South Carolina Man Sells Doughnuts to Pay for Prosthetic Legs
(NEW YORK) -- Joey Funderburk’s Christmas wish list is pretty basic: He just wants two new legs to stand on.
The problem is he can’t afford the $120,000 it costs to buy the prosthetic limbs, and his insurance, BlueCross BlueShield of South Carolina, won’t pay for it.
So Funderburk, 20, with an assist from his mom, Chrystal, decided to take matters into his own hands and began selling Krispy Kreme doughnuts to try and raise enough money.
“We’re charging $7 dollars for a box of 12 glazed doughnuts, the most popular kind,” Funderburk said. “And they’re good for you.”
The sweet idea came from his mom, who was racking her brain trying to figure out how to help her son, whom she adopted at age 6 from a Romanian orphanage.
Funderburk was born with a birth defect that left him with only about a foot of leg. Until he was 18, Shriners Hospitals for Children, in Greenville, S.C., sponsored his prosthetic limbs, which typically last anywhere from three to five years. But after age 18, he was no longer eligible for Shriners, and was in desperate need of a new pair of legs.
“There’s a big difference between what a little boy can walk on and what a man can walk on,” his mother said, adding that her son falls almost daily. “He just wants legs that won’t throw him down on his head all the time.”
A representative for Shriners Hospital was not available for comment.
Funderburk’s insurance company denied him. “They said they won’t cover it because there hasn’t been a change in my medical condition, I’ve just gained weight,” Funderburk said. “My doctor said, ‘I don’t know how they’re getting away with this.’”
The Funderburks have appealed the claims twice and been denied both times. They are awaiting a third decision. But even if his claims were accepted, his policy only covers $50,000, ”Not even enough for one leg,” his mom said.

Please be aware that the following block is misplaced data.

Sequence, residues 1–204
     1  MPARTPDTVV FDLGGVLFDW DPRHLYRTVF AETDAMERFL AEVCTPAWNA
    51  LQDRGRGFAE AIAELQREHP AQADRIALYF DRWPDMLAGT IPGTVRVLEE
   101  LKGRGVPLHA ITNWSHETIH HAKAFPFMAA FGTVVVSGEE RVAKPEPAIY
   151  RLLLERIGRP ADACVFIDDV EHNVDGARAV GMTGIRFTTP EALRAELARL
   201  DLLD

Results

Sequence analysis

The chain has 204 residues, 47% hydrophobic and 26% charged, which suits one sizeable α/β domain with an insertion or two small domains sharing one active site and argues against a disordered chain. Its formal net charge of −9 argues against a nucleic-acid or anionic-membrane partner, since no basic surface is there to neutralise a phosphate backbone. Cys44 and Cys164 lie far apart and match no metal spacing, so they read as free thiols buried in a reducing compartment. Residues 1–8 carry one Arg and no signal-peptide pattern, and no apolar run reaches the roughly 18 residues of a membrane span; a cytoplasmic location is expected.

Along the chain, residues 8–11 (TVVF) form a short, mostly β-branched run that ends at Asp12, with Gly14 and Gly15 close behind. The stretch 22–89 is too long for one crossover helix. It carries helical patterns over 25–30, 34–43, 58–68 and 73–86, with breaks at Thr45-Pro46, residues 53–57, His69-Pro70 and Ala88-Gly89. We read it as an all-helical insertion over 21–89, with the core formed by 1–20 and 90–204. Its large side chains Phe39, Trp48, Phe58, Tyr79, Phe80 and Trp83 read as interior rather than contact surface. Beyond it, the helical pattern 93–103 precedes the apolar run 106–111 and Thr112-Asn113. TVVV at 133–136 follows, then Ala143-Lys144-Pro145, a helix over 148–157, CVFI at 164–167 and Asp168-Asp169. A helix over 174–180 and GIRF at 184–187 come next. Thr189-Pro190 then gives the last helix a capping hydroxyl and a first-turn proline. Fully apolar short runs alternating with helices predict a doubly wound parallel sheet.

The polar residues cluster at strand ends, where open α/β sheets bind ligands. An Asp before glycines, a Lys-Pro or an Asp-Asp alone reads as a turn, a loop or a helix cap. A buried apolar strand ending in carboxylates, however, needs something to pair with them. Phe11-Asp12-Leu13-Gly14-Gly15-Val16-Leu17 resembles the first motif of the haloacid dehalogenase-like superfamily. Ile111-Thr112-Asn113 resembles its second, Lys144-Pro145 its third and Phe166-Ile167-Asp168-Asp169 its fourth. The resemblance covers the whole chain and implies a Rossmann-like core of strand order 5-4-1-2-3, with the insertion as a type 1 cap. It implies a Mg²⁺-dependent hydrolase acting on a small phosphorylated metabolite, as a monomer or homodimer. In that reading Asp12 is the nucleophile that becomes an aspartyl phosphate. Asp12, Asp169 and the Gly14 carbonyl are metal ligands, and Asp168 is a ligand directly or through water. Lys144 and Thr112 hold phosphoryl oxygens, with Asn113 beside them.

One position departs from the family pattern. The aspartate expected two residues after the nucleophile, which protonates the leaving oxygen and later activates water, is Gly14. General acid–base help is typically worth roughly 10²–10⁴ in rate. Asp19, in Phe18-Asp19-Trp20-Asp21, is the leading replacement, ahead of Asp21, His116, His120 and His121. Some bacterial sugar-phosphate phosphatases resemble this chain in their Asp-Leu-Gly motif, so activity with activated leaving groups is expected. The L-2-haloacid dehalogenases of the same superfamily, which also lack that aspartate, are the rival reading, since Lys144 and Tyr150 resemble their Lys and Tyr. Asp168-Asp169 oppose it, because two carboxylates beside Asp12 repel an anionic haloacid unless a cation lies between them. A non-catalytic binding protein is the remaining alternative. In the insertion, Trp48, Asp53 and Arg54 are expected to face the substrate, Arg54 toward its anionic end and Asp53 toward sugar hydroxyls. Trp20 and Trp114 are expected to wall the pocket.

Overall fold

Only 46 percent of private insurance plans cover artificial limbs, according to the Department of Labor.
Patti Embry-Tautenhan, a spokeswoman for BlueCross BlueShield of South Carolina, said the company has “policies and guidelines in place that meet accepted standards of medical care.”
She added that its medical experts were talking with Funderburk’s doctor and “gathering additional clinical information in order to make a final decision.”
In the meantime, Funderburk's mom desperately wanted him to get new limbs. She recalled selling doughnuts to raise money for her church youth group when she was in high school, and she thought her son should give it a shot. About two months ago, she ordered a hundred dozen donuts from Krispy Kreme and asked local businesses if they would let her son set up a stand in front of them.
The Starbucks in Charlotte, N.C., about an hour from the Funderburk’s home in Hickory Grove, S.C., agreed. Funderburk stands out front and sells his treats three days a week from subsequent orders.
“They were so nice to me,” he said. “Starbucks has been a huge trouper. No other place would let me set up.”
So far, Funderburk has raised about $7,500. He also has a website, JoeysLegs.org, which accepts online donations.
His mom says she is in the process of registering a formal charity to help her son -- and other kids and adults -- get prosthetics, medical care and also adopt.
“We want to give back in the same way we’ve been given to,” she said. “There are a lot more people out there like us.”
Copyright 2012 ABC News Radio